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TitleOrigin, timing, and temperature of secondary calcite-silica mineral formation at Yucca Mountain, Nevada
AuthorWilson, N S F; Cline, J S; Amelin, YORCID logo
SourceGeochimica et Cosmochimica Acta vol. 67, no. 6, 2003 p. 1145-1176,
Alt SeriesEarth Sciences Sector, Contribution Series 2005845
Mediapaper; on-line; digital
File formatpdf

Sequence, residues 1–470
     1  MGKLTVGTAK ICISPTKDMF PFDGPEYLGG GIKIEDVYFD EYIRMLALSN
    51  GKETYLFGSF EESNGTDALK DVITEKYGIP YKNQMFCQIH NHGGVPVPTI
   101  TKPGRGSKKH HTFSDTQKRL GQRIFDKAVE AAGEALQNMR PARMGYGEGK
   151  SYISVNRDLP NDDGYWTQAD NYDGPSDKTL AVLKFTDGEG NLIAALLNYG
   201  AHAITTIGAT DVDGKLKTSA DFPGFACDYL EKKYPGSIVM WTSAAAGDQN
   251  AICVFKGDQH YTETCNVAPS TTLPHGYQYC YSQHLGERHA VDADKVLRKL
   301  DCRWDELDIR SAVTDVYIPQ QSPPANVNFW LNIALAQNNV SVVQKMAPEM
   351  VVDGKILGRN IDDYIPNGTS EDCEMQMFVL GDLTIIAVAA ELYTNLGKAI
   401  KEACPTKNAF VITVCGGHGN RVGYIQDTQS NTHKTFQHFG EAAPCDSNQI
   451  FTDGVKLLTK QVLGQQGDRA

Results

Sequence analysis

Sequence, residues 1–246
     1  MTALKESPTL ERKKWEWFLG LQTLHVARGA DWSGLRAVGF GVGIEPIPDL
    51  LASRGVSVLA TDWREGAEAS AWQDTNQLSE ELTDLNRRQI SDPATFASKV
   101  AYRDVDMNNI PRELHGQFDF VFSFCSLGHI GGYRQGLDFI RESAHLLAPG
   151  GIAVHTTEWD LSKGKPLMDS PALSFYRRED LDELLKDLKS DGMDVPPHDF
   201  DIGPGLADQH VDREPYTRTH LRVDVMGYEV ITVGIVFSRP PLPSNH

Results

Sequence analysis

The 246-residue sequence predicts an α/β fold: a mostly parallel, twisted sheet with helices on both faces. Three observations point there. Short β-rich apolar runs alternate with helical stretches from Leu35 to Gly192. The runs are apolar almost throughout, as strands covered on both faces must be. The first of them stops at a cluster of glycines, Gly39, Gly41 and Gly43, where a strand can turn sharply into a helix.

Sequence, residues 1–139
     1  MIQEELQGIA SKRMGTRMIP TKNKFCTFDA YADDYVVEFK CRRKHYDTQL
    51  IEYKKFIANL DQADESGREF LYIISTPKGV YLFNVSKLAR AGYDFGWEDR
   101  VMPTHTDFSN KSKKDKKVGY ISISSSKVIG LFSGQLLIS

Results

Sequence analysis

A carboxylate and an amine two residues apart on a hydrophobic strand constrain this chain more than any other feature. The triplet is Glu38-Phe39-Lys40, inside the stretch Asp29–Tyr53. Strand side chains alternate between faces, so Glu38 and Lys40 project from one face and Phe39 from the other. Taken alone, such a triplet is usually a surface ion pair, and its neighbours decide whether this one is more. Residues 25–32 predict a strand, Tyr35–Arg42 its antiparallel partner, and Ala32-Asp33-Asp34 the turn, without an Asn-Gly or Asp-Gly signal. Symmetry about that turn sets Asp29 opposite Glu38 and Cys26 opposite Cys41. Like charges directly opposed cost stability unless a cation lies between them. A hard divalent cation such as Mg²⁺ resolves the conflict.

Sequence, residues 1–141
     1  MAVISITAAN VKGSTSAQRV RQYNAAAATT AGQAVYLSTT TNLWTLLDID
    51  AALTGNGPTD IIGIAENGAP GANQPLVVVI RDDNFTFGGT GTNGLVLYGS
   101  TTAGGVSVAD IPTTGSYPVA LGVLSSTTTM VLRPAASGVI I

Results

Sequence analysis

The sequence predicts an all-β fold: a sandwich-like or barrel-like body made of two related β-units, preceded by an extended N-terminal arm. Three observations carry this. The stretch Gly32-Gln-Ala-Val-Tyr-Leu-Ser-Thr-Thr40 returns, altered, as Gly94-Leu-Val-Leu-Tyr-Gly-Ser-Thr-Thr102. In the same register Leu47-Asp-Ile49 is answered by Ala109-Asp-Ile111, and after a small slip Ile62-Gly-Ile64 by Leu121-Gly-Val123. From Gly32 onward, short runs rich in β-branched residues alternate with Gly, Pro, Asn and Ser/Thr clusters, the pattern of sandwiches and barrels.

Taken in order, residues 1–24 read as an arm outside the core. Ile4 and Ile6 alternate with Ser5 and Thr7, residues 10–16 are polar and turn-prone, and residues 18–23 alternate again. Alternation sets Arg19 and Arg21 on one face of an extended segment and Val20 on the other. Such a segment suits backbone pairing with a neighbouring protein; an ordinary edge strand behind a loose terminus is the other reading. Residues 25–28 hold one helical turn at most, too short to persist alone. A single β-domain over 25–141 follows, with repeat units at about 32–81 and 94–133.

AbstractThe origin of secondary calcite-silica minerals in primary and secondary porosity of the host Miocene tuffs at Yucca Mountain has been hotly debated during the last decade. Proponents of a high-level nuclear waste repository beneath Yucca Mountain have interpreted the secondary minerals to have formed from cool, descending meteoric fluids in the vadose zone; critics, citing the presence of two-phase fluid inclusions, argued that the minerals could only have formed in the phreatic zone from ascending hydrothermal fluids. Understanding the origin, temperature, and timing of these minerals is critical in characterizing geologically recent fluid flux at the site, and has significant implications to whether waste should be stored at Yucca Mountain. Petrographic and paragenetic studies of 155 samples collected from the Exploratory Studies Facility (ESF) and repository block cross drift (ECRB) tunnels indicate that heterogeneously distributed calcite with lesser chalcedony, quartz, opal, and fluorite comprise the oldest secondary minerals. These are typically overgrown by intermediate-aged calcite, often exhibiting distinctive bladed habits. The youngest event recorded across the site is the deposition of Mg-enriched (up to ?1 wt%) and depleted, growth-zoned calcite intergrown with U-enriched opal. The cyclical variation in Mg enrichment and depletion is probably related to climate changes that have occurred during the last few million years. The distribution of secondary minerals is consistent with precipitation in the vadose zone. Fluid inclusion petrography of sections from the 155 samples determined that 96% of the fluid inclusion assemblages (FIAs) contained liquid-only inclusions that formed at ambient temperatures (<35°C). However, 50% of the samples (n = 78) contained relatively rare FIA that contain both liquid-only and liquid plus vapor inclusions (herein termed two-phase FIAs) that formed at temperatures above 35°C. Virtually all of these two-phase FIAs occur in paragenetically old calcite; rare two-phase inclusion assemblages were also observed in early fluorite and quartz, and early-intermediate calcite. Homogenization temperatures (? trapping temperatures) across Yucca Mountain are generally 45 to 60°C, but higher temperatures reaching 83°C were recorded in calcite from the north portal and ramp of the ESF. Cooler temperatures of ?35 to 45°C were recorded in the intensely fractured zone. Multiple populations of two-phase FIAs from lithophysal cavities in the ESF and ECRB cross drift indicate early fluid cooling with time from temperatures >45°C in early calcite, to <35 to 45°C in paragenetically younger calcite. Freezing point depressions range from ?0.2 to ?1.6°C, indicating trapping of a low salinity fluid. The majority of intermediate calcite and all outermost Mg-enriched calcite contains rare all-liquid inclusions and formed from ambient temperature (<35°C) fluids. Carbon and oxygen isotope data reveal a consistent trend of decreasing d13C (from 9.5 to ?8.5‰) and increasing d18O (from 5.2 to 22.1 per thousand) values from paragenetically early calcite to Mg-enriched growth-zoned calcite. Depleted dD values (?131 to ?90 per thousand) of inclusion fluids from intermediate and the youngest Mg-enriched calcite indicate derivation from surface meteoric fluids. Recalculation of d18OH2O values of ?12 to ?10‰ is consistent with derivation from paleometeoric fluids. Results of integrated U-Pb dating (opal and chalcedony) and fluid inclusion microthermometry indicate that two-phase FIAs that trapped fluids of >50°C are older than 6.29 ± 0.30 Ma. Two-phase FIAs in paragenetically later calcite, which formed from fluids of 35 to 45°C, are older than 5.32 ± 0.02 Ma. There is no evidence for trapping of fluids with elevated temperatures during the past 5.32 my. The youngest Mg-enriched calcite intergrown with opal began to precipitate between about 1.9 to 2.9 Ma and has continued to precipitate within the past half million years. The presence of liquid-only inclusions and the consistent occurrence of Mg-enriched calcite and opal as the youngest event indicate a minor, but chemically distinct, ambient temperature (<35°C) fluid flux during the past 2 to 3 my.

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